Formative assessment will be used to breakdown the summative assessment task in to smaller sections so that feedback can be provided by the module teaching team and from your colleagues (peer review) prior to submission of the final piece of coursework.

Summative assessment for this module will be in two parts.

Component 001: Written streamlined forensic report (SFR), expert witness statement or equivalent (as determined by guidelines published by the Forensic Science Regulator). Word count to be flexible to suit the scenario used each year but will not exceed 2000 words. (MLO: K1)

Component 002: Unseen examination (1.5 hours) with questions addressing the laboratory processes required for generation of forensic DNA profiles as well as some aspects of data analysis and interpretation. This examination can take place on-campus or online (MLO: I1)

Pre-requisite(s)

NA

Co-requisite(s)

NA

Module abstract

This module will build on your existing knowledge of biology and genetics by introducing the specific laboratory methods and DNA markers used in contemporary forensic genetics. A thorough knowledge of the fundamental science underpinning key stages in the laboratory will be gained to facilitate effective communication of the methodology to the lay person via a written statement or report. During the course of the module you will be encouraged to evaluate the range of methods and genetic markers available in the context of forensic sample types, which may be of poor quality and low quantity. Case examples such as volume crime (e.g. burglary, auto-theft) and serious crime (e.g. homicide, sexual assault) will be used to augment the theoretical and practical knowledge taught on this module. Written communication skills will be developed through formative assessment building towards summative assessment, which will comprise two parts, an unseen examination, covering technical aspects of the module and a written streamlined forensic report (SFR) or witness statement covering the interpretation of forensic DNA profiling data.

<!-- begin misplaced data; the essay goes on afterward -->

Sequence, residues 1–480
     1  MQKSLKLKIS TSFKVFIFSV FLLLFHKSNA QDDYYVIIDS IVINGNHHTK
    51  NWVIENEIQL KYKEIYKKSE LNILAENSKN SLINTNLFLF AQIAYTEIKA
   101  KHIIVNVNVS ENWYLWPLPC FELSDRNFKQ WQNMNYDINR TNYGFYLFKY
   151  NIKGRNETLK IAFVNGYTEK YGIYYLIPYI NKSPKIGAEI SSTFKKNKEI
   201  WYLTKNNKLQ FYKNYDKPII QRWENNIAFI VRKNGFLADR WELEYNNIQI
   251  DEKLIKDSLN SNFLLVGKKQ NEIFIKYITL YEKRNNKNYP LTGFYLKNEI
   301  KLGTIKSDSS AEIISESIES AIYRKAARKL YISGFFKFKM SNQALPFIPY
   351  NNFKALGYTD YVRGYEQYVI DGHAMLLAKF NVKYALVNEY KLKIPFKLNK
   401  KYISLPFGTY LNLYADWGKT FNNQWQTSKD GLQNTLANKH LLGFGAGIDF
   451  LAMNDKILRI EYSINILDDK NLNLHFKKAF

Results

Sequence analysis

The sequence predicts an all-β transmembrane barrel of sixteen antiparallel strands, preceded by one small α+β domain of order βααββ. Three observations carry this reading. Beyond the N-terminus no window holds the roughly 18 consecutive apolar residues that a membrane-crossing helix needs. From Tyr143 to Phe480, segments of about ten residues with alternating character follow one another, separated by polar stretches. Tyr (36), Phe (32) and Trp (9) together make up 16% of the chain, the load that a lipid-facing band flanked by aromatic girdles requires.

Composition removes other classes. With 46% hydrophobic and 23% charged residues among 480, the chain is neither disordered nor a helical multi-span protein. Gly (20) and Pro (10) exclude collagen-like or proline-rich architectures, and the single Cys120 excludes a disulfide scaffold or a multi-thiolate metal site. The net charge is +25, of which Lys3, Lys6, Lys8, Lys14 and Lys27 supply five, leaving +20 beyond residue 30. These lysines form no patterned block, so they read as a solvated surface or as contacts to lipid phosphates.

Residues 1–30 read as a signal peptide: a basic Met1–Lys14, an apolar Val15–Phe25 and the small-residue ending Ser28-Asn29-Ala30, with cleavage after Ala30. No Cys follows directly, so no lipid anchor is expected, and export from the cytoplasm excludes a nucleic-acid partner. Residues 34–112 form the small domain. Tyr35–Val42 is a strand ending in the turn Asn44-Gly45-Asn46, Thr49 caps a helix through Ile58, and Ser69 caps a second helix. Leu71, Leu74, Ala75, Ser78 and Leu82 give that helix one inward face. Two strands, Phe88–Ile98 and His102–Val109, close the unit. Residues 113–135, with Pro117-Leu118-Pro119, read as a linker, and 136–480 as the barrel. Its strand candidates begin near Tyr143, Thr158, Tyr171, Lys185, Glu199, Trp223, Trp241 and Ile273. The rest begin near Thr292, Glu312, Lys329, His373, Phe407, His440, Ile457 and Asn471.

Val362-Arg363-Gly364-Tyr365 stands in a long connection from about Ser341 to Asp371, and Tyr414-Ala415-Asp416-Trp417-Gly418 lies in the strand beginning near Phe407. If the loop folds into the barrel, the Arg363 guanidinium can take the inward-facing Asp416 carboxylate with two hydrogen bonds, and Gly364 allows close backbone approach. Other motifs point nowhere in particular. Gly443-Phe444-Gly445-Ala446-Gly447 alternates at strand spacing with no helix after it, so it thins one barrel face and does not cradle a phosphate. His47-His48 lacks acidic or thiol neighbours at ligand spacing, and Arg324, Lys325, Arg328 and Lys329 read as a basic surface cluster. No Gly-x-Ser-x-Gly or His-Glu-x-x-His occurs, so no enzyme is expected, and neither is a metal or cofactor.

Course info

UCAS Code MF94

Credits 20

Level of Study Undergraduate

Mode of Study 3 years full-time or 4 years full-time with a placement (sandwich)/study abroad

Department Applied Sciences

Location City Campus, Northumbria University

City Newcastle

Start September 2022 or September 2023

Fee Information

Module Information

All information on this course page is accurate at the time of viewing.

Our Campus based courses starting in 2022 and 2023 will be delivered on-campus with supporting online learning content. We continue to monitor government and local authority guidance in relation to Covid-19 and we are ready and able to adjust the delivery of our education accordingly to ensure the health and safety of our students and staff.

On-campus contact time is subject to increase or decrease in line with any additional restrictions, which may be imposed by the Government or the University in the interest of maintaining the health and safety and wellbeing of students, staff, and visitors. This could potentially mean increased or fully online delivery, should such restrictions on in-person contact time be required.